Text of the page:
Between calculus and European history classes at a West Virginia public high school, 16-year-old Cameron Mays and his classmates were told by their teacher to go to an evangelical Christian revival assembly.
When students arrived at the event in the school’s auditorium, they were instructed to close their eyes and raise their arms in prayer, Mays said. The teens were asked to give their lives over to Jesus to find purpose and salvation. Those who did not follow the Bible would go to hell when they died, they were told.
The Huntington high school junior sent a text to his father.
“Is this legal?” he asked.
The answer, according to the US constitution, is no. In fact, the separation of church and state is one of the country’s founding basic tenets, noted Huntington high school senior Max Nibert.
“Just to see that defamed and ignored in such a blatant way, it’s disheartening,” he said.
Nibert and other Huntington students are planning to stage a walkout during homeroom period Wednesday to protest the assembly.
“I don’t think any kind of religious official should be hosted in a taxpayer-funded building with the express purpose of trying to convince minors to become baptized after school hours,” Nibert said.
The mini revival took place last week during Compass, a daily, “non-instructional” break in the schedule during which students can study for tests, work on college prep or listen to guest speakers, said Cabell county schools spokesperson Jedd Flowers.
Flowers said the event was voluntary, organized by the school’s chapter of the Fellowship of Christian Athletes. He said there was supposed to be a signup sheet for students, but two teachers mistakenly brought their entire class.
“It’s unfortunate that it happened,” Flowers said. “We don’t believe it will ever happen again.”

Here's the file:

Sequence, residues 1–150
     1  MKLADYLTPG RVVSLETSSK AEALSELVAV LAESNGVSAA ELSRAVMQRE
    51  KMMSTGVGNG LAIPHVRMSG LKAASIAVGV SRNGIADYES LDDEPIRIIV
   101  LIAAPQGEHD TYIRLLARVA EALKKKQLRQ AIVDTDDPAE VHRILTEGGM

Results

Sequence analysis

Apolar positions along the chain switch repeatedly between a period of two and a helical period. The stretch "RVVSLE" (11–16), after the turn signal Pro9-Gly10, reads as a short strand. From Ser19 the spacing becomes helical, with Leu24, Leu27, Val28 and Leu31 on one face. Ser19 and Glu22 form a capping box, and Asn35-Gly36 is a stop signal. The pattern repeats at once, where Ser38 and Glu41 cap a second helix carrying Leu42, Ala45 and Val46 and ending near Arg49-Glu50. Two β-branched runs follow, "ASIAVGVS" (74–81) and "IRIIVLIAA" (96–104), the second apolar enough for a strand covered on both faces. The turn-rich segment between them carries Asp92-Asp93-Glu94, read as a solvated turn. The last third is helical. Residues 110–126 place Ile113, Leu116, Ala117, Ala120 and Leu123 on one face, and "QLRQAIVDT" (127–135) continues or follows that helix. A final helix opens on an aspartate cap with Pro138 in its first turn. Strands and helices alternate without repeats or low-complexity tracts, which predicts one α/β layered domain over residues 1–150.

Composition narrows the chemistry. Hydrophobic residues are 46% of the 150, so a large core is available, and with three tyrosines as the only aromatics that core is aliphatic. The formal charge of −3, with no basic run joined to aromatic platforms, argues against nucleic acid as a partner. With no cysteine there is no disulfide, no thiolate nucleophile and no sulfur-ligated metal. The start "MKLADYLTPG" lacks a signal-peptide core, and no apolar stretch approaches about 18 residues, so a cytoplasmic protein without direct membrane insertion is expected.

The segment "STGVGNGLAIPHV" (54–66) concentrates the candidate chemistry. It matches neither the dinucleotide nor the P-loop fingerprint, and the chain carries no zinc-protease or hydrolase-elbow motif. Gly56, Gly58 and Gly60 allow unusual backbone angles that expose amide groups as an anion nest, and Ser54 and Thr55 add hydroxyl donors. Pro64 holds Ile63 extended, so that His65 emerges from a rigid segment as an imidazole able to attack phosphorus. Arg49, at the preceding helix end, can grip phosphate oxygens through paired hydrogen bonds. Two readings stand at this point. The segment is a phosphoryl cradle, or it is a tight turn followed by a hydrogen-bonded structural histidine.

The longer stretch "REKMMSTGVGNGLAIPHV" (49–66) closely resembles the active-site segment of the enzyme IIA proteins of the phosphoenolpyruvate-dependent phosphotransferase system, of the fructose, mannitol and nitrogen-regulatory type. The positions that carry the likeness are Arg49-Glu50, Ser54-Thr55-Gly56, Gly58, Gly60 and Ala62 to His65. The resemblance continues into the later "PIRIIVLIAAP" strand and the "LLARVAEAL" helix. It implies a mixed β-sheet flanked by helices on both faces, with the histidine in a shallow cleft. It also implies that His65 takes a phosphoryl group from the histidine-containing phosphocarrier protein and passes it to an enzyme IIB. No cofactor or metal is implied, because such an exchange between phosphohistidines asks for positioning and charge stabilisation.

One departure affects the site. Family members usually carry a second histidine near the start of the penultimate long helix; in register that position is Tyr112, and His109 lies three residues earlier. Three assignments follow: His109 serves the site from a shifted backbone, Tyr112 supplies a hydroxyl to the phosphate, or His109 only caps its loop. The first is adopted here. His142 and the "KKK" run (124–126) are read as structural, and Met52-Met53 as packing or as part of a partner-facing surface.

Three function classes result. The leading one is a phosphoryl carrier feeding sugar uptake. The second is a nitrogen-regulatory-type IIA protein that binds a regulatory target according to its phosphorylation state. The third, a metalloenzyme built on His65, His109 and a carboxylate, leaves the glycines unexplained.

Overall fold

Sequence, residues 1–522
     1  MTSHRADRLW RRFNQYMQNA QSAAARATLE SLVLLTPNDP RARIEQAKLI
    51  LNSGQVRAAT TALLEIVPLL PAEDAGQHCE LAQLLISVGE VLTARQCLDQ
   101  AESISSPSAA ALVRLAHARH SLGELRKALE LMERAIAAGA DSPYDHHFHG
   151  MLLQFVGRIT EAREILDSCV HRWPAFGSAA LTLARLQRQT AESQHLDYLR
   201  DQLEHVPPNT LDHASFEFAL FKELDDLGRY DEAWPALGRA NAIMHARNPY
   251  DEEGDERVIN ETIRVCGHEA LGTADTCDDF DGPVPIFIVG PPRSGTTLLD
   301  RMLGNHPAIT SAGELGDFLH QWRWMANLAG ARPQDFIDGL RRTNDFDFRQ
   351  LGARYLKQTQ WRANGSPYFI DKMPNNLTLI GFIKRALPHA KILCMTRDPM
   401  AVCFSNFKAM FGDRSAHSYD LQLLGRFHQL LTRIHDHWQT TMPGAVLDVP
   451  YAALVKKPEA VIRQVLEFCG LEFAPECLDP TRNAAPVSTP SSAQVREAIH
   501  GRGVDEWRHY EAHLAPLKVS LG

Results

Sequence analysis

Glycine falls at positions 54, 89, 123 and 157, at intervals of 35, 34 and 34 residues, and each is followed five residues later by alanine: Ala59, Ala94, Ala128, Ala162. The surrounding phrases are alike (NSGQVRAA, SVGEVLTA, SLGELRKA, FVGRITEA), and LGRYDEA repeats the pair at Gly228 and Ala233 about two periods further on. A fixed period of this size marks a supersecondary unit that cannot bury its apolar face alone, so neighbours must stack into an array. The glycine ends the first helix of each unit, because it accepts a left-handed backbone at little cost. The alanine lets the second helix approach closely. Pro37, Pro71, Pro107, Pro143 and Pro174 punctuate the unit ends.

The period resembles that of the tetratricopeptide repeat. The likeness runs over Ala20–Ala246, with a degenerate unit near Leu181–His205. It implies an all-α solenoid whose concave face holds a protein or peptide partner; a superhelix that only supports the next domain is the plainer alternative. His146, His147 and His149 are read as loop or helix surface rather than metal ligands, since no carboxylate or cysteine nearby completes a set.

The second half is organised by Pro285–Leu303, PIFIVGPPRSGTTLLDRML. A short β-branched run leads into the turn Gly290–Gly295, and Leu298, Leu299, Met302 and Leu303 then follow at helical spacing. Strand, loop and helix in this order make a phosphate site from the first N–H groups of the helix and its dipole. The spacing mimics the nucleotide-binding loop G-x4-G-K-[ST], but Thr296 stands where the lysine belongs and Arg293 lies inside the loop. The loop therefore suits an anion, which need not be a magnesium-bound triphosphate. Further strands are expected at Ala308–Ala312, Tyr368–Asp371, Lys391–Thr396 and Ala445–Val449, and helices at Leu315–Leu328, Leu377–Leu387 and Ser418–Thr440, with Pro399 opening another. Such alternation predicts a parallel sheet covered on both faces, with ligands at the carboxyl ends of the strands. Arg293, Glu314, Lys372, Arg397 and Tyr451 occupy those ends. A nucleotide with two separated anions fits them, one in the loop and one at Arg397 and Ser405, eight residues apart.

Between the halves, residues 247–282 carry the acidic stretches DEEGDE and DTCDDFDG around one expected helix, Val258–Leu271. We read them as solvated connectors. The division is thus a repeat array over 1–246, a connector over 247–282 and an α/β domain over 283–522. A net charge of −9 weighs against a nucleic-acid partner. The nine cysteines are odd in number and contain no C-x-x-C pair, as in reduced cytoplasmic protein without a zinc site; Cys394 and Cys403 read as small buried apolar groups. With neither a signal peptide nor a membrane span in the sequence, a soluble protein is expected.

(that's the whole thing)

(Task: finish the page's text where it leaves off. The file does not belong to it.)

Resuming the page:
But in this community of fewer than 50,000 people in south-western West Virginia, the controversy has ignited a broader conversation about whether religious services – voluntary or not – should be allowed during school hours at all. A group of parents, the American Civil Liberties Union of West Virginia and other organizations say the answer to this question is also no. They say such events are a clear violation of students’ civil rights.
“It is inappropriate and unconstitutional for the district to offer religious leaders unique access to preach and proselytize students during school hours on school property,” Freedom From Religion Foundation, a non-profit that promotes the separation of church and state, wrote in a letter to the school district. The district cannot “allow its schools to be used as recruiting grounds for churches”, the letter reads.
Last week’s assembly at Huntington high featured a sermon from 25-year-old evangelical preacher Nik Walker of Nik Walker Ministries, who has been leading revivals in the Huntington area for more than two weeks.
During the assemblies, students and their families are encouraged to join evening services at the nearby Christ Temple church. More than 450 people, including 200 students, have been baptized at the church, according to Walker, who said he was scheduled to go to another public school and nearby Marshall University soon.
Bethany Felinton said her Jewish son was one of the students forced to attend the assembly at Huntington high. She said that when he asked to leave, the teacher told him their classroom door was locked and he couldn’t go. He sat back down in his seat, uncomfortable. Felinton said he felt he couldn’t disobey his teacher.
“It’s a completely unfair and unacceptable situation to put a teenager in,” she said. “I’m not knocking their faith, but there’s a time and place for everything – and in public schools, during the school day, is not the time and place.”
Mays’ father, Herman Mays, agrees. “They can’t just play this game of, you know, ‘We’re going to choose this time as wiggle room, this gray area where we believe we can insert a church service,”’ he said.
Walker said he has never contacted a school about coming to speak; it’s always the students who reach out to his ministry, he said.
“We don’t even have to knock on the door,” he said. “The students, they receive hope here [at Christ Temple Church] and then they want to bring hope to their school or to their classmates.”
Walker, originally from the small town of Mullens, West Virginia, has been traveling the state since he was 17 hosting church meetings at schools. He said he came to Huntington on 23 January with plans to leave three days later but saw a need he felt compelled to address.